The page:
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RISC/DSP-based surveillance camera runs Linux

Jun 14, 2006 — by LinuxDevices Staff — from the LinuxDevices Archive

Nexvision has produced a prototype IP network video security camera targeting large area surveillance applications such as public transportation, utility plants, and medical centers. The “Nexdome Dragonfly” prototype is based on a Texas Instruments (TI) “DaVinci” processor, measures 5.1 inches (13cm) square, and… runs embedded Linux.

(Click for larger view of Nexvision's Nexdome DragonFly)

Nexvision claims its Nexdome DragonFly to be the first prototype IP network security camera based on TI's DaVinci technology. DaVinci chips are TI's DM644x-series RISC/DSP SoCs that combine ARM cores with TI's most modern DSPs (digital signal processors), previously available only as separate co-processors. TI began shipping the first DaVinci chips late last year, and last week announced that it resells MontaVista Linux as part of its DaVinci development kit.

Nexvision says its Nexdome Dragonfly prototype leverages a number of open standard technologies, including Linux, MPEG4 compression, and real-time streaming network protocols. Additionally, the design integrates several “differentiated analog companion products” from TI, including video decoders, amplifiers, power LDOs, power DC/DC switches, and USB switches.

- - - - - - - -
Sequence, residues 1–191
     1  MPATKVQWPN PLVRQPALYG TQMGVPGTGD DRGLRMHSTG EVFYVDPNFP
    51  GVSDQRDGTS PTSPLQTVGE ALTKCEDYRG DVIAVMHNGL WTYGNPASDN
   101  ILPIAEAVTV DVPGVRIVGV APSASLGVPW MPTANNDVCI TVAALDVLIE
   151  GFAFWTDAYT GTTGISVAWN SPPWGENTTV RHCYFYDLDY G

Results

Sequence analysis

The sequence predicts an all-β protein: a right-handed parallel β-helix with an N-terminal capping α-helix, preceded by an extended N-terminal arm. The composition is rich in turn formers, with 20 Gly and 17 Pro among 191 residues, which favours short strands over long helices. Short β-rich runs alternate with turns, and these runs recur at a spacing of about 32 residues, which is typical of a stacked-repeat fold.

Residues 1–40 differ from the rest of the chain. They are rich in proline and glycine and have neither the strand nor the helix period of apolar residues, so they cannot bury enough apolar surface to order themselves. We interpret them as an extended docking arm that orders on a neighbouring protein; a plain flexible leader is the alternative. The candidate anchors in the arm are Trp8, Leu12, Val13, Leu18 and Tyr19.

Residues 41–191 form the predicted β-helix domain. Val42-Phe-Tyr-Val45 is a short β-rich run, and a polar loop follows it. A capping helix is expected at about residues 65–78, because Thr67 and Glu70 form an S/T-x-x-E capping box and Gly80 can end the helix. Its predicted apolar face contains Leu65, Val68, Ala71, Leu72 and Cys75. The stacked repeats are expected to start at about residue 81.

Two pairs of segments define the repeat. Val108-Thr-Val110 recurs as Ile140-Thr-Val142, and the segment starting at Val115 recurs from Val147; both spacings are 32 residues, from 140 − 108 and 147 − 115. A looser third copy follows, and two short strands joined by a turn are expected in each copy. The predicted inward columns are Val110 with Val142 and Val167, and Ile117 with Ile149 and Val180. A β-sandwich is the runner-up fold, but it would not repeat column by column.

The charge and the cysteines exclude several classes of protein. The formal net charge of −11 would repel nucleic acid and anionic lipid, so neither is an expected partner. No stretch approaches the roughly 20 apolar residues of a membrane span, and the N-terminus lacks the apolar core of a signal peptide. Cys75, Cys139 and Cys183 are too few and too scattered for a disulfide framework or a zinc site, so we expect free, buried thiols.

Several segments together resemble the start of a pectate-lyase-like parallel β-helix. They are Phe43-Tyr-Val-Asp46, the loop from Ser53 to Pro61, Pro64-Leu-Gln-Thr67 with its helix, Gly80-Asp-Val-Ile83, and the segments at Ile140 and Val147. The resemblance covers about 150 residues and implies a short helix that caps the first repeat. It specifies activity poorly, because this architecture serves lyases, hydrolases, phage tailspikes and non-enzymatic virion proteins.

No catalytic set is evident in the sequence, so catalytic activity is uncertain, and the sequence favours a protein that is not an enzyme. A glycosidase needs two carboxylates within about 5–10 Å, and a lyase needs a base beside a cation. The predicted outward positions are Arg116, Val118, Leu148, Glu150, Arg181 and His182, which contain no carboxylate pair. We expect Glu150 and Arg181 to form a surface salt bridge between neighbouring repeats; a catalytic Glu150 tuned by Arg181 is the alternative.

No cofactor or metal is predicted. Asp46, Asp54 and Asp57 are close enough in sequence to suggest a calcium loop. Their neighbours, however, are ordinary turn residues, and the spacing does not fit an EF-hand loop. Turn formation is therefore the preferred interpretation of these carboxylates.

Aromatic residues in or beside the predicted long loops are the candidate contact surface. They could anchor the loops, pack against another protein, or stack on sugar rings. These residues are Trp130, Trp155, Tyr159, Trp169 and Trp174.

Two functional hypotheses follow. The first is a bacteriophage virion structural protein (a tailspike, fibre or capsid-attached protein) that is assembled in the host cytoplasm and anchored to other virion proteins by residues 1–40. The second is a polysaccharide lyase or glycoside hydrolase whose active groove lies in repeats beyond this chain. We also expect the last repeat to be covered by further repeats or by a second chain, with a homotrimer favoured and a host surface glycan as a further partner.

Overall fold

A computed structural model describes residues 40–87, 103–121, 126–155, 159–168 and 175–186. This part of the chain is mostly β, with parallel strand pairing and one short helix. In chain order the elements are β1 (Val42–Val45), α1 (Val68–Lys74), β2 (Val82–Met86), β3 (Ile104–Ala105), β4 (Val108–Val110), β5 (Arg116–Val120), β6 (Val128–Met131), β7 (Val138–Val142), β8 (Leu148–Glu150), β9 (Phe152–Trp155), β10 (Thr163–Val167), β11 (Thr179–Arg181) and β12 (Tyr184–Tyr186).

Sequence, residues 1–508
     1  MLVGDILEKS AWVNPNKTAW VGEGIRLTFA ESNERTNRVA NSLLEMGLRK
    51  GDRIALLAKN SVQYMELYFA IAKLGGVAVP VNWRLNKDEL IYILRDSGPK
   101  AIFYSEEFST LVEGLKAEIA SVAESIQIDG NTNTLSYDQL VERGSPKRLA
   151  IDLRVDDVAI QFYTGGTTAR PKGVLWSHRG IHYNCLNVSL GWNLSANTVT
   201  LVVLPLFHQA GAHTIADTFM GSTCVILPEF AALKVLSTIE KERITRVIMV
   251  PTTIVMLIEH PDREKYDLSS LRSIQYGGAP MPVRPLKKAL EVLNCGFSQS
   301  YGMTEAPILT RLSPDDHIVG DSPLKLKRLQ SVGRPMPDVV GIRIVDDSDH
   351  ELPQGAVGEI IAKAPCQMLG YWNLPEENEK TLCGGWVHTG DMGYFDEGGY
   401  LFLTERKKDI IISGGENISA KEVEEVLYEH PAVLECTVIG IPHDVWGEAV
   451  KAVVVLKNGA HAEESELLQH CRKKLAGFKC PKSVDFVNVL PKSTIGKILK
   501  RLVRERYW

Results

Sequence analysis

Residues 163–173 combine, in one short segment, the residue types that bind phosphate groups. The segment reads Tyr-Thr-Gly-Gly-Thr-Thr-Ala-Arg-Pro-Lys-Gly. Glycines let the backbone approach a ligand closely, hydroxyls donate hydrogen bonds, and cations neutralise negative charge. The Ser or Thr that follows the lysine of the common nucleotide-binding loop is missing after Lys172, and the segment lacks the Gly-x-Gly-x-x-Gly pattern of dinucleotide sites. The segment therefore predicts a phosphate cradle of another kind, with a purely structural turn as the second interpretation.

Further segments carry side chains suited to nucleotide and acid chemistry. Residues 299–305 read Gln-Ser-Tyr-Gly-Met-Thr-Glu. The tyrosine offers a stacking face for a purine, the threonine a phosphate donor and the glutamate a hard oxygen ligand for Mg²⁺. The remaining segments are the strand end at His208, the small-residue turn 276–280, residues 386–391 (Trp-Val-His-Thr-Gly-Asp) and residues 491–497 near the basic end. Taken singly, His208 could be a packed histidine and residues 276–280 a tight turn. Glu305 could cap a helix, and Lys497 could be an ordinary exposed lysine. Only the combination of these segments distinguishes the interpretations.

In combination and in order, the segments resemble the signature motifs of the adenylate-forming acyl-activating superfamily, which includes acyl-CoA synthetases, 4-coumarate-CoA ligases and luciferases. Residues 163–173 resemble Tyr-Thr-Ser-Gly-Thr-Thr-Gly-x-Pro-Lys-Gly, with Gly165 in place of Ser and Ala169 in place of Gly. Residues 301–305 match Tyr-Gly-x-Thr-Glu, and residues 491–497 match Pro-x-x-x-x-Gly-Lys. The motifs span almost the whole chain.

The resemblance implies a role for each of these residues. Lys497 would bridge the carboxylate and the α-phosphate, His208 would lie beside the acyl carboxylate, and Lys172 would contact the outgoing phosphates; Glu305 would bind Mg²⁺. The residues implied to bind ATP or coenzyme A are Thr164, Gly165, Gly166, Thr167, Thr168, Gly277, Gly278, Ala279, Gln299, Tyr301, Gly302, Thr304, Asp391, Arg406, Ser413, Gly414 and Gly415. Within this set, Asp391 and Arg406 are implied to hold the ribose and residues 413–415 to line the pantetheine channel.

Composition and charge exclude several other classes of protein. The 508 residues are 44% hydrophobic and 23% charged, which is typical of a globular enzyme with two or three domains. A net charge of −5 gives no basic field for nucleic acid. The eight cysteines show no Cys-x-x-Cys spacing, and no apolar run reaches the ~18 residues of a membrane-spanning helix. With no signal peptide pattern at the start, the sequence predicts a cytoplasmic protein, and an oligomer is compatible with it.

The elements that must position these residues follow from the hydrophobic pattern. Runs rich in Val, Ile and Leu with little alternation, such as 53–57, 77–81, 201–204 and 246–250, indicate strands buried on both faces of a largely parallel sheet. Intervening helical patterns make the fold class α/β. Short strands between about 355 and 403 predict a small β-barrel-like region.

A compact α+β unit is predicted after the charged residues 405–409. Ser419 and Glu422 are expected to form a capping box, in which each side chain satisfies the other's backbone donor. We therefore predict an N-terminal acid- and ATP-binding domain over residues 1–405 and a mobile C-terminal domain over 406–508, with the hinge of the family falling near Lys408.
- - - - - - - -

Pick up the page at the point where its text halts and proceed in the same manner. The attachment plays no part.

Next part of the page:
The Nexdome Dragonfly is intended for applications requiring high application and video processing power, such as network-managed object detection and tracking, traffic surveillance, and automatic license plate recognition.

The prototype has a 5-megapixel CMOS sensor, along with a “360 degree, X180 immersive lens.” The combination lets the user view a full scene, or zoom in through a virtual pan/tilt/zoom (PTZ) display, without diminishing image quality, Nexvision claims. The camera supports 6fps using H.264 compression at HD resolutions, or up to 30fps at resolutions between VGA (640 x 480) and D1 (768 x 480). Supported streaming and network protocols include RTP/RTCP, PPP, HTTP, FTP, SMTP, Telnet, DNS, and DHCP, Ethernet, WIFI, Power line, xDSL, and GPRS/EDGE.

M. Lange, business development manager for Nexvision, stated, “TI's DaVinci technology-based processor is the only embedded media controller on the market that integrates onto one chip the image processing power and peripherals needed for high-end video analysis and H.264 D1 real-time compression for streaming video over xDSL lines.”

Cyril Clocher, business development manager for TI's DSP group in Europe, stated, “Nexvision was able to design Nexdome Dragonfly based on a single DaVinci technology-based processor within six months, a record design cycle time.”

Availability

Nexvision says its Nexdome Dragonfly prototype has already been adopted by one customer for use in a surveillance camera product.


 
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